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Discovery Tools @ UMD

News, tutorials, and tips for using discovery tools at UMD.

What is Grouping?

The University Libraries often own different editions of a book or other resource. WorldCat UMD groups records for different editions and formats of a particular work to help users find generally the "best" record. This generally means that the item presented is a newer edition and held by the most libraries. While this may be an assumption, the goal is to help a variety of researchers find the best materials. Even if the book you find is checked out, you're also much more likely to be able to get the item from the many other libraries that hold the item in USMAI or the Big Ten because that item should be widely held

How Can I Find Items That Have Been Grouped?

Of course, this method isn't for everyone. Sometimes a researcher needs a particular edition or even a unique edition of a book. If this is the case, you can turn off this grouping feature. When you perform a search in WorldCat UMD, you should find, on the left side of the screen, a column labeled "search tools". At the top of the column, uncheck the option to "Group related editions" to turn the grouping off. It will be directly below our logo.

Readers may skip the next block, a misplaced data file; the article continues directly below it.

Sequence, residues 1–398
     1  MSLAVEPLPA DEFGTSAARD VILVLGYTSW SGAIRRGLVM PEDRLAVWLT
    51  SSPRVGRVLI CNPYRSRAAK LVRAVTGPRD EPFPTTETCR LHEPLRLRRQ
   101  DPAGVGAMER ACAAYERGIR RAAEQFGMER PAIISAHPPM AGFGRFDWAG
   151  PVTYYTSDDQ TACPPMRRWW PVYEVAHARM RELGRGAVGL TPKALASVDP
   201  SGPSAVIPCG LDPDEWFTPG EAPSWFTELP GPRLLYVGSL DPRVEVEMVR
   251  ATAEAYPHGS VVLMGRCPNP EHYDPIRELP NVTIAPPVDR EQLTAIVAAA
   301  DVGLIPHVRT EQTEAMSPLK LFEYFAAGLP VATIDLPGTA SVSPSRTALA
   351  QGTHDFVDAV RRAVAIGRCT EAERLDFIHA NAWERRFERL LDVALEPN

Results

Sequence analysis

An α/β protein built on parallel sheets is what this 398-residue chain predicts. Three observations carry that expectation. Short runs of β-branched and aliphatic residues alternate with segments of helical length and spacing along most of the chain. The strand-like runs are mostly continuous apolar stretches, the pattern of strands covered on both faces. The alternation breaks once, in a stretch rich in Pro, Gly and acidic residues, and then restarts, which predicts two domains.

Rectangle highlighting the location of the Group related editions feature

Every record returned by your query will now display helping you find that particular item.


Another way to find other editions and formats is to access the Editions and Formats section of an item record. Each entry on the search results page which has grouped together other editions or formats of a work will display a link labeled "View all editions & formats".

Arrow illustrating where to find the view all editions and formats section of a record

Clicking on this link will direct you into the a section of the particular record allowing you to browse through the different editions and formats:

Example of editions and formats display

Want to Learn More About Grouping?

The grouping process is primarily performed using an algorithm informed by the Functional Requirements for Bibliographic Records commonly referred to as FRBR. The FRBR model posits a framework for understanding how different editions, translations, and formats of different kinds for works all relate to each other. If you are really interested, you can explore this document from the Library of Congress.